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Chapter 5 Study Guide- Development and Plasticity of Brain
Process in the development of neurons:
Profilaration: Production of new cells. Similar among vertebrates, except for the number
of cell divisions (higher in humans compared to chimpanzees).
Migration: After cells have differentiated in neurons or glia they move. Different in
speed- some reach targets until adulthood. Moreover, some chemicals guide neuron
- Immunoglobins - Chemokines
Deficit: Related to reduced brain size, impaired migration and others. Excesses: some
cases of schizophrenia.
Differentiation: process of forming dendrites and axons of neurons.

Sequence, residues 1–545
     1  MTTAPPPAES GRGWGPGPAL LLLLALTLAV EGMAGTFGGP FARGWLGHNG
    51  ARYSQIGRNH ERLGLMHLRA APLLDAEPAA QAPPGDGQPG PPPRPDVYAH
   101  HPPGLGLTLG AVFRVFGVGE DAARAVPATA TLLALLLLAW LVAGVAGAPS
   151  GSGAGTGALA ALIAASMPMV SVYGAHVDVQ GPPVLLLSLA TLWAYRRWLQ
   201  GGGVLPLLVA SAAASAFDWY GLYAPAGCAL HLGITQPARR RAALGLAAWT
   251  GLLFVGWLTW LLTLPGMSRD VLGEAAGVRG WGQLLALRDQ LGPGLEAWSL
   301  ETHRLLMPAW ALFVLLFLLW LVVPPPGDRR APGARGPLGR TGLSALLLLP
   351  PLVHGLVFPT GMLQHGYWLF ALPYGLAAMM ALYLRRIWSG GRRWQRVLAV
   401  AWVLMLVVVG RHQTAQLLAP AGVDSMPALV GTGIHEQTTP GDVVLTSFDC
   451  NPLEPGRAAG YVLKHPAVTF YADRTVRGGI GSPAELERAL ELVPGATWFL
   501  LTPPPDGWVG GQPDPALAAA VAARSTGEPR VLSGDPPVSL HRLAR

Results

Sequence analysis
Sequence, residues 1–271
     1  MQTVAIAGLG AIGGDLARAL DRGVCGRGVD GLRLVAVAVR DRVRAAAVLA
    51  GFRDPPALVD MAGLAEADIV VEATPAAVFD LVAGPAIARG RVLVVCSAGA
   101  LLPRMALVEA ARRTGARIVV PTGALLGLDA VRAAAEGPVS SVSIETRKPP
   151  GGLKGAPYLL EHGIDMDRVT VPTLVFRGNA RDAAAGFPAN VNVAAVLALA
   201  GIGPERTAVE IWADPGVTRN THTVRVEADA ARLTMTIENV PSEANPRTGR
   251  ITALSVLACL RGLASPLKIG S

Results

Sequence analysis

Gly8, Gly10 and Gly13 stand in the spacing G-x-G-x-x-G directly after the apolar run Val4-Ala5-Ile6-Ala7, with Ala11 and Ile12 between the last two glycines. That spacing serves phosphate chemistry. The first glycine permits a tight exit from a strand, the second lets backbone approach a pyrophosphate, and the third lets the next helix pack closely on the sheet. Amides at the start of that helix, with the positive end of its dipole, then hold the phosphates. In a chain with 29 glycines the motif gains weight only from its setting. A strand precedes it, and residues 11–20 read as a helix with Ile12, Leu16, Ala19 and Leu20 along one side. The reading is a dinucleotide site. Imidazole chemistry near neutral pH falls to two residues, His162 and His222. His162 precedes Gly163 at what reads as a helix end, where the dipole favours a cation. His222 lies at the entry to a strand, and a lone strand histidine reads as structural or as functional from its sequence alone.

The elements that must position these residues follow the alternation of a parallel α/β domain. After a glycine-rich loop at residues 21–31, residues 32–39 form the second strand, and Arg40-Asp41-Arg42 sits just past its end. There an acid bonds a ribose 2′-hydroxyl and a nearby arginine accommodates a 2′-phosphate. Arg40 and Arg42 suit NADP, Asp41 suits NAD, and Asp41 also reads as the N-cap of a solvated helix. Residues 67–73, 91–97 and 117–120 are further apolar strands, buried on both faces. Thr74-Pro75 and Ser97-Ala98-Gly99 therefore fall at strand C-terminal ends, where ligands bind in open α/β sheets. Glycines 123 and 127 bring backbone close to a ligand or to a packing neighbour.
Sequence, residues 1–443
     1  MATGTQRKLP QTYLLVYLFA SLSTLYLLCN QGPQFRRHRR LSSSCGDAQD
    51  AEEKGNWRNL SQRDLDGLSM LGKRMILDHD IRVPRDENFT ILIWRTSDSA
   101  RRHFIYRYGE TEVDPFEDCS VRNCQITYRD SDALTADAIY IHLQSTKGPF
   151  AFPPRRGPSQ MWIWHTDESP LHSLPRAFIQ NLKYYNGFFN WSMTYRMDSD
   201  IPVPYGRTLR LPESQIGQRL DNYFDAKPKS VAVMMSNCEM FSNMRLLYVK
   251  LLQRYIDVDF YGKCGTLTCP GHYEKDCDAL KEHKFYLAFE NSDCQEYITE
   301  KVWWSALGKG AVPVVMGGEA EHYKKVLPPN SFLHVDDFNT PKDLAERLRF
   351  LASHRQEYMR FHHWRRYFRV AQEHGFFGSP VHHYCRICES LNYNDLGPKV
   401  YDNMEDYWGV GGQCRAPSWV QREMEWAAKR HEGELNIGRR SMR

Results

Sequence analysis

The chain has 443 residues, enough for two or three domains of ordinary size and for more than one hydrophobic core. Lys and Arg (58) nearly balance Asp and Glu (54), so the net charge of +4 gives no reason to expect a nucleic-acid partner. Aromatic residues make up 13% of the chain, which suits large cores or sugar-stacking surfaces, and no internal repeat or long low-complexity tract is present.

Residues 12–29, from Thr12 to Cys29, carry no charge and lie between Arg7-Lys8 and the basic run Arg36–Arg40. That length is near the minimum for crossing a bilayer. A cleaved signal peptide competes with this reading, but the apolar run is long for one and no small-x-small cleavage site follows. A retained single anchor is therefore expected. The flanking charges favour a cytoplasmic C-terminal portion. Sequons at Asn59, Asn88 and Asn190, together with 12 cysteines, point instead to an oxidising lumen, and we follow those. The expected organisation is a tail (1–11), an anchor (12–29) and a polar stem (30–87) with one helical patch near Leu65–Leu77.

Myelination: process by which glia produce the insulating fatty acid sheets that
accelerates transmission in vertebrate axons.
- Continues for decades
- Sequence: spinal cord, hindbrain, midbrain, forebrain.
Synaptogenesis: final stage. Formation of synapses. Begins before birth, but continues
New Neurons Later in Life
Cajal claims an adult vertebrate brain cannot generate new neurons (only until
embryological or early infancy), however, there’re exception:
- Olfactory receptors and stem cells.
- Songbirds (area in brain necessary for singing)
- Mammals (adult hippocampus).
A growing axon follows a path of cell-surface molecules, attracted by some chemicals
and repelled by others, in a process that steers the axon in correct direction. Axons sort
themselves over the surface of their targets area by following a gradient chemical.
Competition among Axons as a General principle